Bobby Moore interview

Posted on June 26, 2020

Twenty-six years ago, Bob Moore became a motocross world champion after a sensational 125cc campaign with Yamaha. Today, he remains as America’s most recent FIM Motocross World Championship winner and one of the sport’s most respected champions. 

A world title worth waiting for

After a quiet 1993 season, which included an injury at Foxhills, Moore switched back to the 125cc world championship for 1994, as Yamaha had just introduced a re-designed YZ125, tuned by Michelle Rinaldi.
It was a winning combination right from the get-go, as Moore claimed the overall win in round one at Gallarate, Italy, taking a second overall victory of the season at round three in Carlos Paz, Argentina.
Further Grand Prix victories in Sweden and Germany followed, and heading into the penultimate round at Foxhills, Moore was closing in on that elusive first title. At the track that saw him hospitalised the previous year, the American was in fine form, taking victory in race one to edge even closer, as long-time rival Alessio Chiodi could only manage fifth.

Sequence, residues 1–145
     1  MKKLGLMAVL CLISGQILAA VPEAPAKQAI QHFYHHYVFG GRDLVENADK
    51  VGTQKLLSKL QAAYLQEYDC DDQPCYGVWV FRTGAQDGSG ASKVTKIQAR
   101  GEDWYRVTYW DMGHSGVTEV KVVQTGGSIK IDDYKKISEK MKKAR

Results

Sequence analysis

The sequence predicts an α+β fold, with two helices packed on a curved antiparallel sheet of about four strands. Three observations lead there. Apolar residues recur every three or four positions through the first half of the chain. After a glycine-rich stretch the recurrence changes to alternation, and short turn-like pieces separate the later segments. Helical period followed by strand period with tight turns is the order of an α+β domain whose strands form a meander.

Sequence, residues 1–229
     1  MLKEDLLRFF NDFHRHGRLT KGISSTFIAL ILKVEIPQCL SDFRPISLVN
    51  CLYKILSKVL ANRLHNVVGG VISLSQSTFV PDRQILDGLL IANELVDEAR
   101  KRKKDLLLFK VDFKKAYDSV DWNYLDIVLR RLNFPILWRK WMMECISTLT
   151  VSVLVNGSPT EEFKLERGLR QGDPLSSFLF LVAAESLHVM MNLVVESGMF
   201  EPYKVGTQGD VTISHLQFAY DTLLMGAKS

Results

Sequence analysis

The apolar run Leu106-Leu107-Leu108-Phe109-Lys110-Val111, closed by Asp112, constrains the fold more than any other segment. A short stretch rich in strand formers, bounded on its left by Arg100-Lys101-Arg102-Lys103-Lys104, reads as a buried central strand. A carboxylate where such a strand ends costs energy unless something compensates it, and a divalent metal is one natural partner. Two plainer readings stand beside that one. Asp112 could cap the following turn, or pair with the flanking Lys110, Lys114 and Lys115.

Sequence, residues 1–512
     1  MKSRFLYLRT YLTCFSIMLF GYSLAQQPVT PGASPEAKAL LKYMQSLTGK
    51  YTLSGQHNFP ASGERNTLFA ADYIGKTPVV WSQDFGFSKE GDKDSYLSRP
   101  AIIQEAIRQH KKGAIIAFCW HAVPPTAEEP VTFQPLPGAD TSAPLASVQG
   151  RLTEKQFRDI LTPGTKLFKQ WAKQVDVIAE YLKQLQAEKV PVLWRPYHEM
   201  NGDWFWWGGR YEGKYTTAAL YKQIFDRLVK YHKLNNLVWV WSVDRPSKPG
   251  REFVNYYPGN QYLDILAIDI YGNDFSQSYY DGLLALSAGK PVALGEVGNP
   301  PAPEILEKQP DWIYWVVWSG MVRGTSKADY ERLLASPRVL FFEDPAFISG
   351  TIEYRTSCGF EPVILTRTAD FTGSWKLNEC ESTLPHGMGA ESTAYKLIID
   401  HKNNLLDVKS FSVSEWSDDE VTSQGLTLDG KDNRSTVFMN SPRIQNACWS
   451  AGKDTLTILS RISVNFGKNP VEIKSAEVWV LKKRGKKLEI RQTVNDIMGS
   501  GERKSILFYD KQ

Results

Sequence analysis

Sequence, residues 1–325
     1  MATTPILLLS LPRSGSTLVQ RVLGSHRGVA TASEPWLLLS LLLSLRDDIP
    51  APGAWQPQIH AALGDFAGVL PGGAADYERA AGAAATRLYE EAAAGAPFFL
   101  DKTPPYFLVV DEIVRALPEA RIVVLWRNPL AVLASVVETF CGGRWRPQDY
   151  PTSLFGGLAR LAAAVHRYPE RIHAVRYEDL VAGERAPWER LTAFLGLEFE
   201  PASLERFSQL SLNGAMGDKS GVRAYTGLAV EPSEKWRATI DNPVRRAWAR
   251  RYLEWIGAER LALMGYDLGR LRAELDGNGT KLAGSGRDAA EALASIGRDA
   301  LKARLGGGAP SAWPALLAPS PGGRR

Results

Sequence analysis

The Italian bounced back to win in race two, but Moore’s level ride to second gave him a near unassailable lead of 36 points in the standings, meaning he just needed four points in Borgloom, Belgium to be crowned champion.
In Belgium, Moore never panicked and dominated the opening moto to take the 1994 125cc Motocross World Championship honours. He had little time to celebrate but won again in the second race to round off the season just as he had started it, with a Grand Prix victory.
Moore continued to contest the 125cc and 250cc classes, eventually taking 28 race wins across his career and enjoyed a successful career as team manager. He also kickstarted the famous Road 2 Recovery Foundation and in 2017 was enlisted into the AMA Hall of Fame to honour his achievements in the sport.

Yamaha video